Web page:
“The data preparation phase covers all activities to construct the final data set or the data that will be fed into the modeling tool(s) from the initial raw data. Tasks include table, record, and attribute selection, as well as transformation and cleaning of data for modeling tools. The five steps in data preparation are the selection of data, the cleansing of data, the construction of data, the integration of data, and the formatting of data.”
This stage includes all activities needed to construct the final dataset that is fed into the model, from initial raw data. It involves the following five tasks, not necessarily performed sequentially.
- Select data. Decide on the data to be used for analysis, based on relevance to the data mining goals, quality, and technical constraints such as limits on data volume or data types.
- Clean data. Raise data quality to a required level, for example by selecting clean subsets of the data, insertion of defaults, and estimation of missing data by modeling.
- Construct data. The construction of new data through the production of derived attributes, new records, or transformed values for existing attributes.
- Integrate data. Combine data from multiple tables or records to create new records or values.
- Format data. Make syntactic modifications to data that might be required by the modeling tool.
The main actions that must be addressed at this stage are:
1Shearer, C. (2000) ‘The CRISP-DM model: the new blueprint for data mining’, Journal of Data Warehousing 5(4): 13-23, p.16. Available at: https://mineracaodedados.files.wordpress.com/2012/04/the-crisp-dm-model-the-new-blueprint-for-data-mining-shearer-colin.pdf (accessed 15 May 2020). ↑
|Checklist: Data preparation
☐ The controllers have ensured that data are accurate, that is, correct and up-to-date data.
☐ If profiling or automated decision making is foreseen:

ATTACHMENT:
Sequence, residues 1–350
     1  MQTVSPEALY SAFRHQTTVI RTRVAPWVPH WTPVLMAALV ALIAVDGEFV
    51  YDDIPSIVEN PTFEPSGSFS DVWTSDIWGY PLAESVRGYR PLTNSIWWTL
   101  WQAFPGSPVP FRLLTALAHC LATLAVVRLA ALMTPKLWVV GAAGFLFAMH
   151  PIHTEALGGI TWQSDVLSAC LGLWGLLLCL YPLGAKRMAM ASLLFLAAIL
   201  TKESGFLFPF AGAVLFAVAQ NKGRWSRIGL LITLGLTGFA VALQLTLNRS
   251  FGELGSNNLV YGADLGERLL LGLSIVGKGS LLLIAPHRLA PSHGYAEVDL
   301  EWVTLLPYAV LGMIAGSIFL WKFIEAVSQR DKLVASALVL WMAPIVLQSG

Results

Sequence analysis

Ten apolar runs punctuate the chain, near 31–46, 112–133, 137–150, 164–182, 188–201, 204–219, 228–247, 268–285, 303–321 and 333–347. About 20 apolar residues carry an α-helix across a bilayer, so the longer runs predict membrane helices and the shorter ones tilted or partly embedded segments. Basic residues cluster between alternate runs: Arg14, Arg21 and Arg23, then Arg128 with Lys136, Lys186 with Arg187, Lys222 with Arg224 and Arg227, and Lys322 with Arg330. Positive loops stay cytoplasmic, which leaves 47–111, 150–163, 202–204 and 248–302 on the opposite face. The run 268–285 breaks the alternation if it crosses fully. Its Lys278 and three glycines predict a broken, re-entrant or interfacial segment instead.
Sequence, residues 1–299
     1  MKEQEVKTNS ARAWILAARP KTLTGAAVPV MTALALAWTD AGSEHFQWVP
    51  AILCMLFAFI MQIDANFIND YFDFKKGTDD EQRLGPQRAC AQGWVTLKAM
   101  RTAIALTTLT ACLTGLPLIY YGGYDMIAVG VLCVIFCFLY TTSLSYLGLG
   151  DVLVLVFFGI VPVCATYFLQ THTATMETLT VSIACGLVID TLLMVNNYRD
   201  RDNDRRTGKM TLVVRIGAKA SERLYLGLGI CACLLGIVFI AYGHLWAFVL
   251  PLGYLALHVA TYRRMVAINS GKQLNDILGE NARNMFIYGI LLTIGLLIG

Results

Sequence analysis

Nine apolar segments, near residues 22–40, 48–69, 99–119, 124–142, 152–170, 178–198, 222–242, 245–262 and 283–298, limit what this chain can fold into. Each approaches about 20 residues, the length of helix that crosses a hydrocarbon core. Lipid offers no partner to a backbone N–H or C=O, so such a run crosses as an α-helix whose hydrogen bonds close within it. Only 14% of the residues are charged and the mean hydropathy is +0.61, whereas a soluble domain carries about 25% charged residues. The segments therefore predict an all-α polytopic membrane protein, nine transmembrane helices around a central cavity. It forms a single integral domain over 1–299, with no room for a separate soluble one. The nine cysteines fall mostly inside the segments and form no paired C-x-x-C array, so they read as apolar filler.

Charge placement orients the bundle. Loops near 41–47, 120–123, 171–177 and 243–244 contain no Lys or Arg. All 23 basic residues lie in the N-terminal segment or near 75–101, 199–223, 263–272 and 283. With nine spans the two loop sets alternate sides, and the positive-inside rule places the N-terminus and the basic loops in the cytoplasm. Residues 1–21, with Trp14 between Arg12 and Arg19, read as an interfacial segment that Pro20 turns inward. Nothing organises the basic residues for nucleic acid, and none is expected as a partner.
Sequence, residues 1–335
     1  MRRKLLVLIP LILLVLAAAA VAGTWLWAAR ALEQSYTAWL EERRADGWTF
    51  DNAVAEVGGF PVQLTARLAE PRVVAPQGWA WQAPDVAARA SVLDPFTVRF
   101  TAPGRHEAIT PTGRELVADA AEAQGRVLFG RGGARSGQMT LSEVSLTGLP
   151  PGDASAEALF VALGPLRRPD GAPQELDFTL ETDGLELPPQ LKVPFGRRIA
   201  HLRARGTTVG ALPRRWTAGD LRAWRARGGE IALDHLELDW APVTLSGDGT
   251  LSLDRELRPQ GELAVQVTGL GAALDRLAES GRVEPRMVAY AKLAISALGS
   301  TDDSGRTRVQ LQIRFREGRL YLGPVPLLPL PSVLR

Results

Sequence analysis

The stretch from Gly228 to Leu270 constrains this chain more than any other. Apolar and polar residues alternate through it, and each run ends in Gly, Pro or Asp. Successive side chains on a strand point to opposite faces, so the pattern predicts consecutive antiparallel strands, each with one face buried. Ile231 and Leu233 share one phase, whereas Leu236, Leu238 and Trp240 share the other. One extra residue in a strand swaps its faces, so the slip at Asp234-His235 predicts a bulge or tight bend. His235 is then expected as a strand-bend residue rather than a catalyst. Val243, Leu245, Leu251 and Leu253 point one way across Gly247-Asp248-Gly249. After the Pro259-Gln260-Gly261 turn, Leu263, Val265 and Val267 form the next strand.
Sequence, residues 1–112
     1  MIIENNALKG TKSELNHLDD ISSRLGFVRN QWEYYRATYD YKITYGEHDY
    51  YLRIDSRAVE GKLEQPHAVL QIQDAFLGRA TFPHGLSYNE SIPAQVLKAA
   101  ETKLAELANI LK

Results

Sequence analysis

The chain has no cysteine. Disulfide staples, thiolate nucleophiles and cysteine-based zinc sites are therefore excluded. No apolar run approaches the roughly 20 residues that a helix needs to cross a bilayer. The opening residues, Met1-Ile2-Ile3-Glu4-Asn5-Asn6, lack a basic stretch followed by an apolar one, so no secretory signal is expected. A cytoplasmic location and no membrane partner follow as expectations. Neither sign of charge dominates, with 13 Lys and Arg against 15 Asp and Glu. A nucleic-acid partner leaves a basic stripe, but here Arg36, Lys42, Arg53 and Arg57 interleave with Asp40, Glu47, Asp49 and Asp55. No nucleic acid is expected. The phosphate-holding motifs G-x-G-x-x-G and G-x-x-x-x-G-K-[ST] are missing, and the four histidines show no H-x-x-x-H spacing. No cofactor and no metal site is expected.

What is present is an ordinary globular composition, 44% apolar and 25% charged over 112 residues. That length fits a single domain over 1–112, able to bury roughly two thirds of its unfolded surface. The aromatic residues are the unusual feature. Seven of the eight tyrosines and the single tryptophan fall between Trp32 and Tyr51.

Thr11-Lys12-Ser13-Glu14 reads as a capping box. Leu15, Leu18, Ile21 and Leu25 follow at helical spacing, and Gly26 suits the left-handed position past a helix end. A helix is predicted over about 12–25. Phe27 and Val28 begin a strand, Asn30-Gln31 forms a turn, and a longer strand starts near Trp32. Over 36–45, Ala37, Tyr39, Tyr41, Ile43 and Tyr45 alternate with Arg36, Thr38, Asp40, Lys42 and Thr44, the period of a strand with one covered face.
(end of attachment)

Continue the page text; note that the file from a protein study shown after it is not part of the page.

☐ The controllers have sent individuals a link to their privacy statement when they have obtained their personal data indirectly.
☐ The controllers have explained how people can access details of the information that they used to create their profile.
☐ The controllers have communicated the data subjects who provide them with their personal data and how they can object to profiling.
☐ The controllers have introduced procedures for customers to access the personal data input into their profiles, so they can review and edit for any accuracy issues.
☐ The controllers have implemented additional checks in place for their profiling/automated decision-making systems to protect any vulnerable groups (including children).
☐ The controllers have ensured that they only collect the minimum amount of data needed and have a clear retention policy for the profiles that they create.
☐ The controllers have carried out a DPIA to consider and address the risks when they start any new automated decision-making or profiling.
☐ The controllers have involved the corresponding DPO in these activities.
☐ The controllers have considered the system requirements necessary to support a meaningful human review from the design phase. Particularly, the interpretability requirements and effective user-interface design to support human reviews and interventions.
☐ The controllers have designed and delivered appropriate training and support for human reviewers.
☐ The controllers have given the staff involved in the processing the appropriate authority, incentives and support to address or escalate individuals’ concerns and, if necessary, override the AI system’s decision.
☐ The controllers have ensured that the teams in charge of selecting the data to be integrated in the datasets are composed of people that ensure the diversity that the AI development is expected to show.
☐ The controller have ensured that factors which result in inaccuracies in personal data are corrected and the risk of errors is minimized.
☐ The controllers have implemented tools aimed at preventing discriminatory effects on natural persons on the basis of racial or ethnic origin, political opinion, religion or beliefs, trade union membership, genetic or health status or sexual orientation, or that result in measures having such an effect.